Broadband jargon busting Part 2 header image

Published: 6th Dec 2013

Earlier this year, we published a piece on broadband jargon busting to help you understand the common technical language used in the industry. 

However, at the end of November a survey by revealed a significant number of people in the UK still find it hard to understand internet terminology. Some 46 per cent of respondents said they were confused by broadband jargon and many may struggle to find the best service for their needs as a result. 

With this in mind, we've compiled some simple explanations to a few more of the phrases you might come across when reading up on broadband. 

'Insufficient bandwidth' is a term many people who've had their attempts to stream a TV show or film online interrupted will be familiar with. Bandwidth essentially refers to the amount of data that can be carried over an internet connection in a certain period of time.

This is usually defined in megabits per second (Mbps) and is a means of measuring the download and upload speeds of an internet connection. So, if your bandwidth is insufficient, that essentially means your broadband isn't fast enough to do what's being asked of it.

Another phrase you might have come across is ping. This refers to when a computer sends a message to another and waits for a response. The amount of time this takes provides an indication of the speed of the network the computers are using.

Any data that is transferred from the internet and on to your computer can be classed as downstream. Examples of this are email, downloading files and streaming videos or music.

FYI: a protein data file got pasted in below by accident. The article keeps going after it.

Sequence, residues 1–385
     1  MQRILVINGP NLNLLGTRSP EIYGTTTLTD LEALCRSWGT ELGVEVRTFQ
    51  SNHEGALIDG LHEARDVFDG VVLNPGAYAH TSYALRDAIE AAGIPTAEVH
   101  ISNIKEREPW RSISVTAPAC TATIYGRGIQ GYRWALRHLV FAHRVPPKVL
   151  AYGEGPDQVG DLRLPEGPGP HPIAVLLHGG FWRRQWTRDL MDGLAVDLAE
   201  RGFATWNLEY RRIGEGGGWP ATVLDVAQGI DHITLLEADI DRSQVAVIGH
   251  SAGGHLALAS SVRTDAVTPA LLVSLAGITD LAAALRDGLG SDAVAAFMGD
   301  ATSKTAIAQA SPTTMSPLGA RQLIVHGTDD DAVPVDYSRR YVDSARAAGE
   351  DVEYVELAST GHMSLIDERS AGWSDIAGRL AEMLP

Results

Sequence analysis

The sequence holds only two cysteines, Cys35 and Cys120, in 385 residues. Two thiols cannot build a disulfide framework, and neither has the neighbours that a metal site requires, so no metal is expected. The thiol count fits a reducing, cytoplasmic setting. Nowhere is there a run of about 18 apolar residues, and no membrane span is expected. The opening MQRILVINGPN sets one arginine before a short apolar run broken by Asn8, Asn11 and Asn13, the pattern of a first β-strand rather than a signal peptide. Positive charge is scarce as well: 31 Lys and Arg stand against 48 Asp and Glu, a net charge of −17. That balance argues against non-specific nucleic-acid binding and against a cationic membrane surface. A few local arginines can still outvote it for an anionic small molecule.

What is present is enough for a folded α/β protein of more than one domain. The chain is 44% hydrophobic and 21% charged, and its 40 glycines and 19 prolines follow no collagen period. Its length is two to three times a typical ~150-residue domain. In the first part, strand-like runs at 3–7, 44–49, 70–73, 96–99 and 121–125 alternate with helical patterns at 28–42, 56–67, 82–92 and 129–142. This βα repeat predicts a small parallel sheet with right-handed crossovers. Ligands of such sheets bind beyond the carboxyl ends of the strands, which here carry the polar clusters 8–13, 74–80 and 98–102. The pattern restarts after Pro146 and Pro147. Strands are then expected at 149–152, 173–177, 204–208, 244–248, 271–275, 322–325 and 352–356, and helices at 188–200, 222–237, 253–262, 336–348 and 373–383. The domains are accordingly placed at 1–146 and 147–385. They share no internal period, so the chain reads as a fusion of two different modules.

Upstream is essentially the opposite of downstream and refers to anything that is transferred from your computer on to the internet. Uploading photos to a social media account is a common example of this.

Standing for voice over internet protocol, VoIP basically refers to the technology that allows phone calls to be made over the internet. The most well known example of this is Skype, which is a free service that lets people have online video phone calls with other Skype users. It is also possible to make calls to normal phones, although this does incur a charge.

This is a word that most people will understand, but it's worth clarifying anyway. In broadband terms, it refers to when an internet connection is available without the need to physically connect a computer or device to a modem. Instead, they are able to go online via signals transmitted through a router. 

Fair Access policy
The majority of broadband providers, including Avonline, have a Fair Access policy in place. This is designed to prevent one user doing so much on their connection that it slows down the network for others.

Individuals that exceed the fair usage policy will see their broadband speed limited at peak times to ensure they don't affect the service received by fellow users. You can find out more about this here.